Using these tools in conjunction with more organic development can be key to getting you in front of your audience.

Building Relationships

Now all of the above is great, but it’s nothing if you don’t put effort into building relationships in the local and surrounding community.

It is essential for a small business to engage in the community and build strong, lasting relationships.

You’ll be seen more and can expand your network more. This engagement can also open up other opportunities for you and your small business, such as collaborations with other local and small businesses, social media collaborations and sponsors, and other possible partnerships. 

All of your relationships will expand your network, your area of influence, and your reach. It’s up to you to make all of those relationships positive and beneficial for everyone involved. You don’t want to hog all of the benefits from collaborations and partnerships, because that will come and bite you in the butt down the line. With a mutually beneficial relationship, all parties with gain something and be exposed to a brand-new audience and new consumers. 

Along with building relationships with other small and local businesses, build them with your customers, other business owners, and with your staff. These relationships are the lifeblood of your small business, without them, you will not go anywhere. Starting with customers, these are the people who allow your business to survive and thrive. 

Build as many connections, personal or business, with your customers as you can. That personal connection will keep them coming back and telling others about you.

This rapport that you’ll eventually have with your customers will be extremely influential for your future success and growth. Be nice to your customers and treat them with respect; you wouldn’t be where you are without them.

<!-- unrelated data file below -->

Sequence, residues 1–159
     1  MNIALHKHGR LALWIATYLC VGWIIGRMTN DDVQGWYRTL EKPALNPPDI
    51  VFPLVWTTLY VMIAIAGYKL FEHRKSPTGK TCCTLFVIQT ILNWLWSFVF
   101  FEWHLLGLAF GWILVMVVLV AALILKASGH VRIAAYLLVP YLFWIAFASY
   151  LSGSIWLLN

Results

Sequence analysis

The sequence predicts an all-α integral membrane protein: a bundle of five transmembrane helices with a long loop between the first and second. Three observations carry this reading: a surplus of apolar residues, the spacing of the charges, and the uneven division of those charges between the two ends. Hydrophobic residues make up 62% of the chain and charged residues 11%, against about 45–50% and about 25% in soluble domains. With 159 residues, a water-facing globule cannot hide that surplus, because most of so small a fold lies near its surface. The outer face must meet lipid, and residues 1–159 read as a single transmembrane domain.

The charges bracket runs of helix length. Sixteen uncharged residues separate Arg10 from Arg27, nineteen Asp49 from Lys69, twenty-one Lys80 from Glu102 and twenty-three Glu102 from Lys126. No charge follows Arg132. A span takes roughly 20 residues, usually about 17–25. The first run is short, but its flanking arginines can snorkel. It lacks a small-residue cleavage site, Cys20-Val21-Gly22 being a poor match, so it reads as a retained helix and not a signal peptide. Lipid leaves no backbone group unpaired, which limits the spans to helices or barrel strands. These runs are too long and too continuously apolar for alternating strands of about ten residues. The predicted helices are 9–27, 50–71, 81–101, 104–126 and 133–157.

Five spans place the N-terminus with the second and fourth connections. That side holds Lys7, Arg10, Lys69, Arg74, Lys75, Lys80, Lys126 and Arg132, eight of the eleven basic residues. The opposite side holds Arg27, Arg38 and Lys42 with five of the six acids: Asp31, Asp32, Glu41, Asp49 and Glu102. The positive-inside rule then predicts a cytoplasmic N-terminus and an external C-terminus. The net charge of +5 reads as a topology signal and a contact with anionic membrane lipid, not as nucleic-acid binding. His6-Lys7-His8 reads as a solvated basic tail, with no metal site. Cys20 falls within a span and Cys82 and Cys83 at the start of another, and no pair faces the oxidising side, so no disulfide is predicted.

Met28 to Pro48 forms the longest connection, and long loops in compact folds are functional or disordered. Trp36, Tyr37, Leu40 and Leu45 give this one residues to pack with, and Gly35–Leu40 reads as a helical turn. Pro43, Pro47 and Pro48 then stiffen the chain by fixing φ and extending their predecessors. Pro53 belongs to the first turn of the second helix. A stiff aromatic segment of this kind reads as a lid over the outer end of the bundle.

I’ve already briefly touched on partners and collaborators, but I’ll say it again: build those relationships. It’ll be easier to build them and keep them than constantly having to build new ones. Once you start down this road, there is no going back, you’ll be on a journey of constantly engaging with other businesses and growing your business and collaborating. Be prepared, be open to new opportunities, and be innovative. 

Your staff. I have to bring them up. You must understand that they help you run your business and are constantly interacting with your customers. Be nice to them. An unhappy staff member will not help you grow. Happy staff members are more likely to recommend you to other people and unconsciously help your business grow.

But besides that aspect, your staff work for you and expect to be treated fairly, so treat them fairly. Without an amicable and friendly relationship with your staff members, your business could go nowhere. 

Keeping Relationships

Once you’ve built all of these awesome relationships, keep them. Like I said before, it easier to keep relationships than be constantly building them. So, here’s where the social media and email marketing come in handy. Engage with your followers on your socials, post fun and exciting content, and interact with your followers. On platforms with direct messages, always respond, it doesn’t hurt, and it reinforces that you exist for the people and care about them. Create weekly or monthly newsletters for those who want them that include insider information, behind the scenes info, or special coupons. Mailchimp is a great place to start if you’ve never done anything like this before.

Create content for emails that will draw your customers in and keep them interested, and most importantly, don’t overload your subscribers with too many emails. It can be annoying, I know from experience, as you do as well, to get an email every day that has nothing substantial in it. So, try out a few different email styles until you decide on one that works the best.

A lot of marketing is trial and error. You’ll want to, and probably need to, try out different strategies to find what works best for you.

Document all that you try, what works and what doesn’t, so you know in the future what you’ve tried and what you haven’t. These basic steps are what is called a marketing strategy, it’s just something simple that documents what you do for marketing, in whatever form you choose. 

There is no right or wrong to marketing, though it may seem like it sometimes, just keep trying and you’ll eventually land on something that’s perfect for you and your business. 

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Laura Owens is a senior at Endicott College studying English Language and Literature. She is a self-taught baker and loves to read, with a collection of over 740 books!